“So, I think when leaders of OATUU are leaving and the need to replace this pan Africanist came, they thought that the country that produced Summonu must be a good country. So the fact that he was there was not a major issue because they could have wished that Summonu and his team should continue.”
Another factor responsible for his election, he said, was that “Nigeria has played a positive role in Africa especially at labour level. There are lots of countries that supported African trade union at the continental level, but I will tell you that Nigeria is a leading country in that respect. Right from 1986, the Federal Government has joined other countries in Africa to give subvention to workers so as to function well, don't forget that we are based in Accra, Ghana.
“Nigeria has joined these countries such as Sudan, Algeria and others and Nigeria has become a pillar of support and I am sure that the African countries also put that into consideration that Nigeria is very reliable country. In fact under the leadership of President Goodluck Jonathan, Nigeria has now increased its support for Africa trade union.
He added “I think my contribution at the International Labour fora contributed. Also, the election shows the other side of Nigeria, some people think that Nigeria is not a trustworthy country as a result of advance fee fraud known as 419 and other things but I think if the entire Africa continent will decide that for a major position like the general secretary of OATUU Nigerian should lead them, I think it is a major achievement for our country.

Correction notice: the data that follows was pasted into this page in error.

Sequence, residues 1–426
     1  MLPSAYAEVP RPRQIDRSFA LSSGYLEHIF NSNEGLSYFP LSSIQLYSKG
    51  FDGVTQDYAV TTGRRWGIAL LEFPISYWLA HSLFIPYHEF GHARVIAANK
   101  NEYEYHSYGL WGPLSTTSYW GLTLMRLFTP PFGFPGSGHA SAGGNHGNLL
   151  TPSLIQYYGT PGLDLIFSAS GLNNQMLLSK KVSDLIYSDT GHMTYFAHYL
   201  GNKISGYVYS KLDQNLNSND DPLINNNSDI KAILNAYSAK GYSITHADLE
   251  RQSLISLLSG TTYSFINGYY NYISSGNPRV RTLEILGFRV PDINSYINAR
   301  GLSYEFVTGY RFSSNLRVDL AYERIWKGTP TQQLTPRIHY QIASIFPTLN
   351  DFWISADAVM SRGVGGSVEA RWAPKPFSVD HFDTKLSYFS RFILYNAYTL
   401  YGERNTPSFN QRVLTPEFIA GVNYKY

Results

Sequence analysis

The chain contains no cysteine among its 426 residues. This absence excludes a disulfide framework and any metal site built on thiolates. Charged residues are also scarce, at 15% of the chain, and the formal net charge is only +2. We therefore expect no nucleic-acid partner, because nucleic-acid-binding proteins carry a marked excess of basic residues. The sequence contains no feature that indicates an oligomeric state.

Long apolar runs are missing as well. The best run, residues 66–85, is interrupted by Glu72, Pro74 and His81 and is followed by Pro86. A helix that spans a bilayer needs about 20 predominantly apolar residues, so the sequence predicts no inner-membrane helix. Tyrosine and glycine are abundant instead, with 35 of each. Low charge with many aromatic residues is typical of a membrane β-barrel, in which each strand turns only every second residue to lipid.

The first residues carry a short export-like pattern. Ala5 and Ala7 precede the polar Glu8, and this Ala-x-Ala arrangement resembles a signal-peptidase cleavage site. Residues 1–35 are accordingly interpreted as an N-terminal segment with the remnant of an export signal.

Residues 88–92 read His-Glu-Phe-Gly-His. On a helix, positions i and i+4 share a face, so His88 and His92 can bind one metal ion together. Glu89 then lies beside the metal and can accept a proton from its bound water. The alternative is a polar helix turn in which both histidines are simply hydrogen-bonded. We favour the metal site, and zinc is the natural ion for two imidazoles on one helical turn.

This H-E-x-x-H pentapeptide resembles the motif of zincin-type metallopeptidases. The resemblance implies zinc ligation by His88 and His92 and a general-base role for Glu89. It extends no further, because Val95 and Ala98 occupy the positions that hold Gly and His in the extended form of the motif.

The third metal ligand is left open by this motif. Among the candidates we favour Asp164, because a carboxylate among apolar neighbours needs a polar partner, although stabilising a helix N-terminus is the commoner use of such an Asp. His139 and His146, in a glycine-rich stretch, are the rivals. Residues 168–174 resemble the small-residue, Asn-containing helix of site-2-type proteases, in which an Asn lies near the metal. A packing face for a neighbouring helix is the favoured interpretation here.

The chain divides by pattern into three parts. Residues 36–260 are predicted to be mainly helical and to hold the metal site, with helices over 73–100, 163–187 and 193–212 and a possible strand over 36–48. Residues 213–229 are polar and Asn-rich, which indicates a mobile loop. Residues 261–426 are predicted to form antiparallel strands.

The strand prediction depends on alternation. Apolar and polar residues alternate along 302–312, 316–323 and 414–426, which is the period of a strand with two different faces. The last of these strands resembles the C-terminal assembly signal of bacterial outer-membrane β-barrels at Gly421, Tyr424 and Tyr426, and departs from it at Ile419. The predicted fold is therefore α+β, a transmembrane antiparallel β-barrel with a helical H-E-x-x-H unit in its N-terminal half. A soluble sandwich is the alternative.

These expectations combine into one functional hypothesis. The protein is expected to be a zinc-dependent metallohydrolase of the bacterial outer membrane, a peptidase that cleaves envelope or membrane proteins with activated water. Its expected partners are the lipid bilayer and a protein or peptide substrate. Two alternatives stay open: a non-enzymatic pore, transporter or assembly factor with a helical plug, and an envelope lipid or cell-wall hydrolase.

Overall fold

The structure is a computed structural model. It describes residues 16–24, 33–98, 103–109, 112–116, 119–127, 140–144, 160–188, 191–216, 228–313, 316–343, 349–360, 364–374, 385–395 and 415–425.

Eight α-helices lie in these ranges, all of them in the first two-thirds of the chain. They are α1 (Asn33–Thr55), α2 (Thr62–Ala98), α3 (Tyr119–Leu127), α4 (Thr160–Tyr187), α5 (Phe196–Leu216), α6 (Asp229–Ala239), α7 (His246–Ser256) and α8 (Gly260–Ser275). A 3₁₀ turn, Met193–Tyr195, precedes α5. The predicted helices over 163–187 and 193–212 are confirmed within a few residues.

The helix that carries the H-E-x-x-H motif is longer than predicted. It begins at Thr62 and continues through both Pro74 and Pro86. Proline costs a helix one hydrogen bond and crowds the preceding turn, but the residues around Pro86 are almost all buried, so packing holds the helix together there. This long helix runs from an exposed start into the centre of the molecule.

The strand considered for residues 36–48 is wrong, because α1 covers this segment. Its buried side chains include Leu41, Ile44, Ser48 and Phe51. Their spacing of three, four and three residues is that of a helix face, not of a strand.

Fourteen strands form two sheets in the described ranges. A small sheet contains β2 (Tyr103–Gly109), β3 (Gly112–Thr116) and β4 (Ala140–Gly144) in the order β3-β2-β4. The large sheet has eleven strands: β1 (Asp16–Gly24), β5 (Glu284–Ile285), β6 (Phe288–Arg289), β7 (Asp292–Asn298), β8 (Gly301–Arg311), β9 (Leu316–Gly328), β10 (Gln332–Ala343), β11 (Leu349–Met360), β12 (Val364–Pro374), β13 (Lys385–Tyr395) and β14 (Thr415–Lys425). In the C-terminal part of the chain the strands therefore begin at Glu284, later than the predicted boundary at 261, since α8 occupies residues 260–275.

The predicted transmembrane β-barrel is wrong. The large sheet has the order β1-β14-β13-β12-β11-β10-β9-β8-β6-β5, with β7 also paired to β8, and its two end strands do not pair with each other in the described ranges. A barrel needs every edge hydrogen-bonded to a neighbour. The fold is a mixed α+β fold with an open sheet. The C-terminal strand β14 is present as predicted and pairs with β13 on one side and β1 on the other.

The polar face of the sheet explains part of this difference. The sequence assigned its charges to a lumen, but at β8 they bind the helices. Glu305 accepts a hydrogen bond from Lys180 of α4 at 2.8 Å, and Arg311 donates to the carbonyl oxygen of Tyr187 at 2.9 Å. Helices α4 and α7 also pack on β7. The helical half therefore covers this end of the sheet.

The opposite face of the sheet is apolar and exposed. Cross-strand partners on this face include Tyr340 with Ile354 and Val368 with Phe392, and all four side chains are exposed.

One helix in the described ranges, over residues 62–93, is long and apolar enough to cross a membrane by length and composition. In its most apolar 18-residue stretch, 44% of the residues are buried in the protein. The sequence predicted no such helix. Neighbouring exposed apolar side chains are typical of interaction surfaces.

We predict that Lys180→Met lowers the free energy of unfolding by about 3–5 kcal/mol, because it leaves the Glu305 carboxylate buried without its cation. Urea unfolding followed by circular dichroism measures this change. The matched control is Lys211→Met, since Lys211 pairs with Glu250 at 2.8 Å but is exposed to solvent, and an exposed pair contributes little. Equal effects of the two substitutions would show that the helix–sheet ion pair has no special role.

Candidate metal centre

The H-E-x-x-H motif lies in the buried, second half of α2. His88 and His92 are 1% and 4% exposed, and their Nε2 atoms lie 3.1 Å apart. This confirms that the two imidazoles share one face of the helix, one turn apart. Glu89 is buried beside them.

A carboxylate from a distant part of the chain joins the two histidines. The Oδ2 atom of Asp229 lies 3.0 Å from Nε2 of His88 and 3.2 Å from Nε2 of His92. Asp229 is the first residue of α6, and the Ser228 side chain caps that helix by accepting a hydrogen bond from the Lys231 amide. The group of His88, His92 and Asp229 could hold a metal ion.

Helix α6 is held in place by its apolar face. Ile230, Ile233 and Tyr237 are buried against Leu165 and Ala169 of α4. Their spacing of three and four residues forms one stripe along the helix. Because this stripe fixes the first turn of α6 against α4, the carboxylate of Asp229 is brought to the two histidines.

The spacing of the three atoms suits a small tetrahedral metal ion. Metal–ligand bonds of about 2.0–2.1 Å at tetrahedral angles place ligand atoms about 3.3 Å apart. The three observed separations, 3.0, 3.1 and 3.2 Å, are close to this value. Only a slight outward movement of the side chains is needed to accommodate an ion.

“And don't forget that it is an ambassadorial position because OATUU are diplomats in Ghana and in Africa and we are part of the African Union because we have a seat in AU to the level of the Summit of the Head of States. We are also at the ILO Governing Council having the same status with ITUC”.
Challenges Facing Africa
On the agenda of the trade union, Lakemfa said the African union will make security issue the centre of attention within the next four years. He said “We are meeting in the next few weeks to map out programmes and the things we will do in the next four years. One of the things we want to focus on is the issue of security in Africa. You have countries like Congo where the workers cannot go to work due to war, in Somalia you cannot talk of a systematic work because of the crisis.
“There is also Northern Mali that is under siege. We also have problems among African countries that are affecting workers such as the issue between Ethiopia and Eritrea. So you find out that countries like Eritrea need a lot of youth in the Armed forces; that means there will be fewer hands to work.”
He further spoke on the issue of food security which he said has been a major problem to the union. He noted that “another problem is the issue of integration, because we know that, because at individual country we won't make any impact. If each strong country in Europe can come together to form European Union (EU) then we don't have any excuse.